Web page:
In the recent MSR six-part series on Black suspensions, several school districts — including Minneapolis, St. Paul, and several other Twin Cities area schools — indicated that they are using the Courageous Conversations program in helping to lower their suspension rates. To learn more about this program, we contacted San Francisco-based Pacific Educational Group (PEG) Founder and CEO Glenn Singleton, who recently spoke with us in an extended phone interview.
“My team is excited about the work that is going on in the Twin Cities,” Singleton said. He founded PEG in 1992 and has authored two books: Courageous Conversations About Race (2006) and More Courageous Conversations About Race (2013). Over 80 U.S. school districts, including 15 in Minnesota, are clients.
Asked what makes PEG a better resource than local initiatives or organizations, Singleton answered, “What’s unique about the Pacific Educational Group and the work that we are doing is we are unapologetic and explicitly focused on racial equity as the doorway to achieving overall equity in education. Our work intentionally and explicitly focuses educators on developing racial consciousness and a proficiency at addressing systemic racism.
“We’re not a single workshop, and we don’t generalize around all of the issues affecting the school system,” he noted. “This is our 21st year. I have to say that I am more encouraged than I ever [have] been, and that is because we’re seeing these results in places like St. Paul Public Schools and Eden Prairie Schools. We’re experiencing the kind of success that is heartening.”
Asked specifically what measurement he has used to verify lower suspension rates, Singleton stated, “We measure school systems by graduation, attendance, achievement testing, standardized testing, discipline, and special-ed enrollment. When those data points are showing favorability, then we consider that a successful partnership.”
However, neither St. Paul Public Schools nor Eden Prairie Schools showed improvement according to the data we reviewed.
PEG provides professional development and coaching for teachers and school administrators. “We are really about leadership development and supporting leaders to be able to bring about transformation in the [school] system,” said Singleton. He believes that addressing racial inequities in schools “will lead to a more productive, efficient, and higher achieving school system.
“When students are not engaged in the learning process, they are going to do other things,” said Singleton, adding that there is too much discipline of Black children rather than engaging them. Instead, he advocates creating “relevant learning environments” to better nurture Black students. “You will see different results when teachers understand [this],” he added.
Black students are disproportionately being suspended in schools, said Singleton, a fact documented locally in the MSR series. “The number-one thing that a classroom teacher does when a Black student seems to be misbehaving in the classroom [is] that student is going to be sent down [to the principal’s office].
“We want to ask the teacher what are some other ways that we can engage with this student to change that behavior, not only from behavior that is defined as misbehaving but to a behavior that is seen as productive and contributing to increasing that student’s academic achievement? We want to look at all of the ways in which our policies, programs, and our practices are encouraging that disparity.”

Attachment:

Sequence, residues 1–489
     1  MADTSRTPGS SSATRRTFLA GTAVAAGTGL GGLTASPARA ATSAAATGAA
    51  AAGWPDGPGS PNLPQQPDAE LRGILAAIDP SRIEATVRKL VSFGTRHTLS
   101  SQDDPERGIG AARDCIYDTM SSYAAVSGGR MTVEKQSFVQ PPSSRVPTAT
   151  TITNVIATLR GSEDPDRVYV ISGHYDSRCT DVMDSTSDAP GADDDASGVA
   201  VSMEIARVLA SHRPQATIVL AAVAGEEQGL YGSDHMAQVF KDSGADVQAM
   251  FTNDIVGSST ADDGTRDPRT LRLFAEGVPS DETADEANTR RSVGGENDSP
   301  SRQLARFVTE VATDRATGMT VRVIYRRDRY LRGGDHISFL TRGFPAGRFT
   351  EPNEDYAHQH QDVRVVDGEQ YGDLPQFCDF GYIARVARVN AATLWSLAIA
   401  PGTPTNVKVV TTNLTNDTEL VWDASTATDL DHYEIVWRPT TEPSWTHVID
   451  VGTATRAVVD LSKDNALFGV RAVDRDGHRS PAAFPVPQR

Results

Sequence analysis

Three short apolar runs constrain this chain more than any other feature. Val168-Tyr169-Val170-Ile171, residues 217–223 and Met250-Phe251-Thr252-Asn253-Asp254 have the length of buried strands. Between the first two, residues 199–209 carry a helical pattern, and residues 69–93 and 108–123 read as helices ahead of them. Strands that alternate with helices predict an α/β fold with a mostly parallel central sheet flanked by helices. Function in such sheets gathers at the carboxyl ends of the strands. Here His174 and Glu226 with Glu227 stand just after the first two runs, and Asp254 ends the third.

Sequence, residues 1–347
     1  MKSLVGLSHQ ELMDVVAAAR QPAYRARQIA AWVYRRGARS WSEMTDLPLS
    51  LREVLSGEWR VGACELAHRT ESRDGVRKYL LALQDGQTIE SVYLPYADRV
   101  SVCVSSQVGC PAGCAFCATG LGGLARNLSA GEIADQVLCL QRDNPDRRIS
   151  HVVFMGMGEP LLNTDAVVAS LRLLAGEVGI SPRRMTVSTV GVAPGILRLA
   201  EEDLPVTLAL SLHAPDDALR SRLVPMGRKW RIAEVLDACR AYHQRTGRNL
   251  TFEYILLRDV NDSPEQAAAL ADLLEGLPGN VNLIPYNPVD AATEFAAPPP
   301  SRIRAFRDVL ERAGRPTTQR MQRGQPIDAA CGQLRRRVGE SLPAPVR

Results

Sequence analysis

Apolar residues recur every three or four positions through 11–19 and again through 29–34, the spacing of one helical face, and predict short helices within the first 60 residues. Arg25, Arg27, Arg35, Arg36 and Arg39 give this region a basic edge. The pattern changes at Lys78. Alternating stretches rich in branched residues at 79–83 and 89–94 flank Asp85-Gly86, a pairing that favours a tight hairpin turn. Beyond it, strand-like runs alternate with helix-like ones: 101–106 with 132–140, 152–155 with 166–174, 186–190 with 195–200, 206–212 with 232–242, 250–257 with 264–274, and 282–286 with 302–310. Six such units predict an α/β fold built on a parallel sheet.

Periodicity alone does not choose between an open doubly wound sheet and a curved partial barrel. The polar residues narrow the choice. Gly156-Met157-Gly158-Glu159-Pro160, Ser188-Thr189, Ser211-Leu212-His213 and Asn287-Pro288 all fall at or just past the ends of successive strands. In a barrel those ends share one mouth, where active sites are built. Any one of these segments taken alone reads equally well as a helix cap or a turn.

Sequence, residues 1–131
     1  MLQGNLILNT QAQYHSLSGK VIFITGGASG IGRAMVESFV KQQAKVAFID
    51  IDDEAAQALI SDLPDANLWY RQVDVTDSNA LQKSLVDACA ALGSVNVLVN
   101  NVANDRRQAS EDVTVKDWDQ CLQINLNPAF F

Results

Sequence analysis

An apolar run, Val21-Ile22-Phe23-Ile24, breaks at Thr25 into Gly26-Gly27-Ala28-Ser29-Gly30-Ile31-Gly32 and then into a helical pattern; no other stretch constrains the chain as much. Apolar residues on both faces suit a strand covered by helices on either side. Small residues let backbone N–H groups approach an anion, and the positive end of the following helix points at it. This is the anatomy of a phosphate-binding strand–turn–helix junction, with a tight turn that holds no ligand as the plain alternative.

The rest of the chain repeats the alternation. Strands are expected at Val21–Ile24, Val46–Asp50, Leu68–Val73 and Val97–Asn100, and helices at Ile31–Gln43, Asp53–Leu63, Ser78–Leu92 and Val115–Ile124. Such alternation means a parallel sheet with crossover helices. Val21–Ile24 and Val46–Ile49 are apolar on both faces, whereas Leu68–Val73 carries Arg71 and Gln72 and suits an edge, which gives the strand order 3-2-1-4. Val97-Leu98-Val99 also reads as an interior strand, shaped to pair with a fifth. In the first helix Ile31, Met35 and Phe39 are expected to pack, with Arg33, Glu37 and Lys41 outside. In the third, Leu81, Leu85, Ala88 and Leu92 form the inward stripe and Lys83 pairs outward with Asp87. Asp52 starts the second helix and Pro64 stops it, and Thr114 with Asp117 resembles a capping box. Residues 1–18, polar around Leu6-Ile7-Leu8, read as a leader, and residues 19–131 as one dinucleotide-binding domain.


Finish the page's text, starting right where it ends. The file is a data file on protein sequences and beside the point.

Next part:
Singleton wants teachers to see Black students “as scholars and not as bad or potential criminals.” He sees his two-decades-plus work “as a calling to give voice and give strategies to educators who really want to see all children reach their potential.
“There are [school] systems that we are still partners with and have been working with us up to 12 years,” Singleton pointed out. “It is about the children that they are serving. And when we begin to surface those beliefs, we can determine which of those beliefs are getting in the way of the optimal outcome where there’s no racial disparity.”
Singleton said the school districts he’s worked with have reported “dramatic improvements” after using his firm. He added, however, that PEG hasn’t always been successful: “We have been engaged by many systems that are not ready to really challenge this very difficult phenomenon that’s been around in our society for hundreds of years. When a system decides that they no longer want to associate, we don’t [judge] that system as a problem or a bad system because so many systems come back to us after a year or two, or even more than two years.
“There are thousands of school districts across the country with these racial disparities that need to be addressed,” said Singleton. “It’s becoming more difficult to ignore the elephant in the room — race matters.”
Singleton wants to “work himself out of a job” by helping school districts become a racially equitable system. “That’s why we are focused on developing leaders — we work with the leadership team and build their capacity to work with the entire system. When a healthy environment for adults does exist, it’s healthier for students.”
Charles Hallman welcomes reader responses to email@example.com.
Also in the Daily Planet:
Solutions Not Suspensions: Student summit organizes for school discipline changes (Christina Cerruti, 2013)
Suspensions, expulsions drive prison pipeline for young, African American males (Christina Cerruti, 2013)
Racial mockery at Hopkins High sparks outrage; Black student handcuffed (Harry Colbert, Jr., 2013)
Out of school and out of luck (Mary Turck, 2013)